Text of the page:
30 SES 06 B, Student Voices in ESE
All around the world people are discussing and debating how we can make sufficient and urgent changes for a more sustainable society. The role of education and how education can support change towards a more sustainable society has been a subject of debate for decades (Biesta, 2009; Schiro, 2008, Toom et. al, 2015; Torstensson & Brundrett, 2011). The Swedish curriculum emphasize sthat education shall foster democratic students that contribute to a sustainable development (Skolverket, 2011). However, the curriculum does not state explicitly how these values are to be translated into classroom practice which complicates effective implementation. The worldwide movement #Fridays for future# that the Swedish teen Greta Thunberg started through her school strikes outside our parliament building has actualized the question what it takes educationally to contribute to transformation and change as well as raised the importance of listening to young people’s voices.
Previous research show that traditional teaching does not always address what students find important and necessary for their future skills (Manni, 2018) and that there is a need for more studies regarding students’ experiences of education for a sustainable development (Lockhart, 2018). Researchers also state that in order to tackle present and future challenges education cannot be reproductive of the status quo, it must be transformative and change-oriented (Lotz-Sisitka, et al., 2015; Leicht, Heiss, & Byun, 2018). Lotz-Sistika and colleagues have presented the concept of “T learning”; as a new way of thinking about learning that could lead to a more sustainable society (Lotz-Sisitka et al., 2015; Lotz-Sisitka et al., 2017; O’Donoghue, 2014). T-learning refers to: change oriented (involve changes in our daily practice), transformative (changes in our cognition, understanding, and values and how we see the world) and transgressive (learning that are normative, critical, and challenging the status quo) learning. What are the students’ view of necessary skills for the future in relation to these new ways of thinking about learning?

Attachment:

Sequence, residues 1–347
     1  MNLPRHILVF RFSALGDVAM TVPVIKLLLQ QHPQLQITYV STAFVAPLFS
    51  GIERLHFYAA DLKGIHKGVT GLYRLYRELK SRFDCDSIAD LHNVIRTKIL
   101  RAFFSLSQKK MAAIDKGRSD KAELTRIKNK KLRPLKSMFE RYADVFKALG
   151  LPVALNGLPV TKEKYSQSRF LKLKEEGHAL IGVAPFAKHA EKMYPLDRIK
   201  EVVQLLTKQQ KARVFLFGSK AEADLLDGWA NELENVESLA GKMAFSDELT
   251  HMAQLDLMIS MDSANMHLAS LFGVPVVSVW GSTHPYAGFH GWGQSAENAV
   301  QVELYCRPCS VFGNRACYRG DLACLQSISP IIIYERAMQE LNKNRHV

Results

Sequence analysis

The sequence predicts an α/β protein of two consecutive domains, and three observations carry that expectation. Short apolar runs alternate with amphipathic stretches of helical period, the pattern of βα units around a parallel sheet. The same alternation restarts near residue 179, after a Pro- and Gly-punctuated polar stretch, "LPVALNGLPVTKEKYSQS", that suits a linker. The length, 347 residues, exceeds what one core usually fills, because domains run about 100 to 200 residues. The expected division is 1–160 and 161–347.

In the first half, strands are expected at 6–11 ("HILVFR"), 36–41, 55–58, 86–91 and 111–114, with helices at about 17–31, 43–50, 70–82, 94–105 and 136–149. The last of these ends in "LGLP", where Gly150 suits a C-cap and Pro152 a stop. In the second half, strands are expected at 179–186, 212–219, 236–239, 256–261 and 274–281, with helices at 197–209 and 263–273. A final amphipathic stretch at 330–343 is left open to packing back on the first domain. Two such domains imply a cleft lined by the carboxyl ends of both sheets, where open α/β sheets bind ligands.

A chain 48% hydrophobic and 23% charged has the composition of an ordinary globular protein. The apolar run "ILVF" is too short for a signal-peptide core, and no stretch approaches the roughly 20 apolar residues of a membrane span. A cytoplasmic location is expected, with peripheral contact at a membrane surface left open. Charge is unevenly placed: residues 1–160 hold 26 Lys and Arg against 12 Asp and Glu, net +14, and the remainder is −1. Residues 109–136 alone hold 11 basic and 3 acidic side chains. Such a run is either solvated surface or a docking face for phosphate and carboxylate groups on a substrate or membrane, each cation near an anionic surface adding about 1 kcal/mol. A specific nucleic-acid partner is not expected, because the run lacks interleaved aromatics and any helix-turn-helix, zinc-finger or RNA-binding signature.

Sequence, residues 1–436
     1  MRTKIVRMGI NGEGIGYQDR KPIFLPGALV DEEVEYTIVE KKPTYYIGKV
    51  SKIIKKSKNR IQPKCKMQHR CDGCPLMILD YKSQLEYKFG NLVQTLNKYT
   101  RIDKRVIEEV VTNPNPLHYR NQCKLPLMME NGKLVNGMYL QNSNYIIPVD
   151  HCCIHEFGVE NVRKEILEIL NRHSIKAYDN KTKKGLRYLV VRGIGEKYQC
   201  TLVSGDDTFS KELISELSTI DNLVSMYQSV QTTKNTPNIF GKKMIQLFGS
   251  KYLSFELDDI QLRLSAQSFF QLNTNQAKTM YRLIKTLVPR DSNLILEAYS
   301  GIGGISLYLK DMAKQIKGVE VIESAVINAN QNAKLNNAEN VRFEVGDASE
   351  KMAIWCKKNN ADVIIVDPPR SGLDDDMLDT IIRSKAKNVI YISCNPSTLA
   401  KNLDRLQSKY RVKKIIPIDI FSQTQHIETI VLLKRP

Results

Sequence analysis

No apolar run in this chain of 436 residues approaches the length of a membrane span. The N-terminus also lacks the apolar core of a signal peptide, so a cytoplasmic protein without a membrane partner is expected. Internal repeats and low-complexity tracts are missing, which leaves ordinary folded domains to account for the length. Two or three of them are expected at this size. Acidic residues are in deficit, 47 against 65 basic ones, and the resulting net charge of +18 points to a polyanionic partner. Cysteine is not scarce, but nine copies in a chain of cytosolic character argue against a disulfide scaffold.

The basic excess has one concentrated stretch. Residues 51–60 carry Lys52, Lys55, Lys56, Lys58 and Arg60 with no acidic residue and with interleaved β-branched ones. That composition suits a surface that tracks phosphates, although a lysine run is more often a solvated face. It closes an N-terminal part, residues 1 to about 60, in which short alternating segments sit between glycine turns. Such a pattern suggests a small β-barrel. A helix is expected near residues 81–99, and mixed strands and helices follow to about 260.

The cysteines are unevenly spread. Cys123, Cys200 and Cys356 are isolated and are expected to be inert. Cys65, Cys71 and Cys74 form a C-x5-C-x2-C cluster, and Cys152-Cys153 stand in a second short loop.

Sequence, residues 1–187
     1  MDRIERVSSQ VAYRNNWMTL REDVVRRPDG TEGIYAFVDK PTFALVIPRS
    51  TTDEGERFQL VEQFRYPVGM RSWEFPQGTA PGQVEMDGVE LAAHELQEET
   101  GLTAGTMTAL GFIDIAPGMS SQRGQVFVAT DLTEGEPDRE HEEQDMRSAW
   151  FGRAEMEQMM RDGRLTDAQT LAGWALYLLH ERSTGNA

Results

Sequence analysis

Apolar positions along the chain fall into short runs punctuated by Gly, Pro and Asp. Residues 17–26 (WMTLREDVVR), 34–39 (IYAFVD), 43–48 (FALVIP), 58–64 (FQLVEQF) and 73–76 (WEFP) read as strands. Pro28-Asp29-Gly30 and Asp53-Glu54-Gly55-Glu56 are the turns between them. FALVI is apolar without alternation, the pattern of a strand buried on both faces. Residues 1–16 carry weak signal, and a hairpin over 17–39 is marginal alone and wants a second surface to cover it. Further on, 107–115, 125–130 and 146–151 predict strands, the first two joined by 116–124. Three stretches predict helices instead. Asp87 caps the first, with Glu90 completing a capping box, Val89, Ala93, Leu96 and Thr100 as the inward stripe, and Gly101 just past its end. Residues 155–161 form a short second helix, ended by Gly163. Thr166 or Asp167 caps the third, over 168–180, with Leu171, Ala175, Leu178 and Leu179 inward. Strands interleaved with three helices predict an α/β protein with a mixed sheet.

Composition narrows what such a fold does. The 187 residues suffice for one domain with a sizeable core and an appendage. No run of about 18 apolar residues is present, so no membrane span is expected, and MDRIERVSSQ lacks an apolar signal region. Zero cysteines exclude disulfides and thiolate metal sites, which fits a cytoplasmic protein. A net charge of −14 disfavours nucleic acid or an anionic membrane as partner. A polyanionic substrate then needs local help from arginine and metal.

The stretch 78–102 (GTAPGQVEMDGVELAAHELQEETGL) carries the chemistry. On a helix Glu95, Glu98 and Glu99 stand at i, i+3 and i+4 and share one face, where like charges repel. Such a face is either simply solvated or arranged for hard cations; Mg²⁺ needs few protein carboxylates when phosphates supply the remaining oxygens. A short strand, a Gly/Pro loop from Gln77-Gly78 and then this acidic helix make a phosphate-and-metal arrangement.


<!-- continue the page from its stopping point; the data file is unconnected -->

We will present and discuss some findings from an interview study with upper secondary students in regarding the role of education in contributing to changes for sustainability. We felt a need to turn to our students to get some answers how education can contribute to change. The aim of the current study was to explore students’ voices on the role of contemporary education in relation to urgent issues in society related to sustainability.
In our work we have used the concept of “T-learning”; transformative and transgressive learning to understand change-oriented learning and students’ views on sustainability issues (Lotz-Sisitka et al., 2015; O’Donoghue, 2014). In an online presentation Lotz-Sisitka presents a model of how to understand T-learning (https://www.youtube.com/watch?v=23xdhNehFe4).
We found this model relevant because it captured the essence of change-oriented learning for sustainability in a theoretical way. We have interpreted the model as it describes the following three interrelated parts of T-learning, transformative, transgressive and change oriented learning, with a center where these aspects meet in an “optimal” space of learning. While not explicitly mentioned in the model, we find it include a holistic view on the learner and the learning process, i.e., learning is not merely a cognitive process but is also interrelated with embodied and emotional processes.